Cape Town’s South Eastern Suburbs also offer great affordability according to Gary Grobbelaar, CEO for Seeff False Bay and SE Suburbs. Mitchell’s Plain for example offers excellent small houses in the R500,000-R900,000 price range.

Adjacent to Muizenberg, at the bottom end of the M5, you will find Costa da Gama and the Capricorn Beach Estate, both offering excellent affordability, he says. Capricorn Beach Estate offers several developments with a mix of apartments and townhouses in a secure setting with play parks for children, two swimming pools and a walkway to the beach. Prices range from around R1.2m for a small two-bedroomed home in the estate.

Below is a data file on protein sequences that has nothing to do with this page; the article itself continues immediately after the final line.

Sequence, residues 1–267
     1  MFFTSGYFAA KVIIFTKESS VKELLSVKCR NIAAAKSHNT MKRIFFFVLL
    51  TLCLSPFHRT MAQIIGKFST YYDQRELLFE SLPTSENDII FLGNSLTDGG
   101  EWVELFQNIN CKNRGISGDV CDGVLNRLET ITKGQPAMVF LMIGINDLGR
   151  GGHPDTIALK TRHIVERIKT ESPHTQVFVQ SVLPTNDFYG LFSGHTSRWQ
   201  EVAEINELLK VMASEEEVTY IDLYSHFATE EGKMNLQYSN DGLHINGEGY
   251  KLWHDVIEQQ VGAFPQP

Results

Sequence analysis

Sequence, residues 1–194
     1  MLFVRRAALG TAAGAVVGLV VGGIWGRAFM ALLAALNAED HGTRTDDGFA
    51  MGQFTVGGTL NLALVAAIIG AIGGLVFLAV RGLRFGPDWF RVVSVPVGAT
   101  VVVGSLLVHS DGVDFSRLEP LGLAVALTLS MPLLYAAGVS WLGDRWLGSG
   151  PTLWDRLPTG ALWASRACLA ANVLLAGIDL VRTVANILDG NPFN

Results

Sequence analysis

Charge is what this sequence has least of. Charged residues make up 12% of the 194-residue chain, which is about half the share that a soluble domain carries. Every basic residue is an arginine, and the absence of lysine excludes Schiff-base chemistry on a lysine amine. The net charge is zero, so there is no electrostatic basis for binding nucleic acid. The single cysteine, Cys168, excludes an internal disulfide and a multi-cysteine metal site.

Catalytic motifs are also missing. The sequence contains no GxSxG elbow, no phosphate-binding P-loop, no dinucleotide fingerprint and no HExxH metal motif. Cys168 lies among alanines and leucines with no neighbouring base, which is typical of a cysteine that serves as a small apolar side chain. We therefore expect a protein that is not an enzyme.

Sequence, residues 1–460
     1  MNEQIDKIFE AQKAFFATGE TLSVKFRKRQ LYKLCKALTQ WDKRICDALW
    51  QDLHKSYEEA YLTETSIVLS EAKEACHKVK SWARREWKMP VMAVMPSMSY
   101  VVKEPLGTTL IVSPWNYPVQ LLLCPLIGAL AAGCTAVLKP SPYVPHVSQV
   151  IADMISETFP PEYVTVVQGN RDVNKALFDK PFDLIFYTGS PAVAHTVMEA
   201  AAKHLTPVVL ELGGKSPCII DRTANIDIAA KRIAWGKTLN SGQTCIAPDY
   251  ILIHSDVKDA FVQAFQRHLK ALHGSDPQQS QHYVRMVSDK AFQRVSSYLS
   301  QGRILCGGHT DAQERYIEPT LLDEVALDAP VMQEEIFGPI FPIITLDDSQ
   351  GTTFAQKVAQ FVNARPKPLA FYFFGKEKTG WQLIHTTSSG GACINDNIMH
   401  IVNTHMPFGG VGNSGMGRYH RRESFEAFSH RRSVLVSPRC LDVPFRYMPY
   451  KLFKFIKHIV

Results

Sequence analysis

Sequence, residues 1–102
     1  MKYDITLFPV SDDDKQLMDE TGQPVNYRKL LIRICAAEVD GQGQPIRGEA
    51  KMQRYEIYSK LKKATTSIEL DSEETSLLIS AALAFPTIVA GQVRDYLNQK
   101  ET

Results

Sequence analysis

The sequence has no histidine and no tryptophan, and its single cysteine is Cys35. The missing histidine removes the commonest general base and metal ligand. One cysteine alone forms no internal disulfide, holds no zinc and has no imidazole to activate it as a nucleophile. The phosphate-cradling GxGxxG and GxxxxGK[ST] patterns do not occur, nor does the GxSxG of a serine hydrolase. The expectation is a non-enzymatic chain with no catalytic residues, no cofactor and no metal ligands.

Costa da Gama also includes a number of developments such as Villa d’Algarve, a beach front estate where you can buy a three-bedroomed ground floor apartment for R1.2m according to Seeff agent, Paul de Roos. Sunrise Villas offers a temperature controlled swimming pool and apartments in the R850,000-R950,000. A little further back, you can find a three bedroomed home for R1.3m in Cannon Island Villas.

Brackenfell, Kraaifontein and Kuilsriver

Karla Coetzee, Seeff’s Manager for the Brackenfell, Kraaifontein and Kuilsriver areas says that although it is a bit of a commute to the city and beaches, it is well worth it for the price paid per square meter.

Prices start at around R500,000 for a flat in Kuilsriver (St Dumas) and upwards of R980,000 for houses (Highbury and Hagley). Kraaifontein apartments start at R650,000 (located in well-known estates) and spacious houses from R850,000 (Belmont Park, Peerless Park East and West) while homes near Cape Gate Mall start from R1.4m. Brackenfell flats are popular therefore they range from R750,000 and townhouses at R1.5m.